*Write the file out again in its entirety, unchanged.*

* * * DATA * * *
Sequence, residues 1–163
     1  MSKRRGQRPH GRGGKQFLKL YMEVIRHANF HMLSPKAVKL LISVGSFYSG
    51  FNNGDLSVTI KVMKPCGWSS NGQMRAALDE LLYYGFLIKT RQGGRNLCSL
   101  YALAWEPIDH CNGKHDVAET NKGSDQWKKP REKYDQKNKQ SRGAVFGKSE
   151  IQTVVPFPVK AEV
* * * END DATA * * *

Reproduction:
Sequence, residues 1–163
     1  MSKRRGQRPH GRGGKQFLKL YMEVIRHANF HMLSPKAVKL LISVGSFYSG
    51  FNNGDLSVTI KVMKPCGWSS NGQMRAALDE LLYYGFLIKT RQGGRNLCSL
   101  YALAWEPIDH CNGKHDVAET NKGSDQWKKP REKYDQKNKQ SRGAVFGKSE
   151  IQTVVPFPVK AEV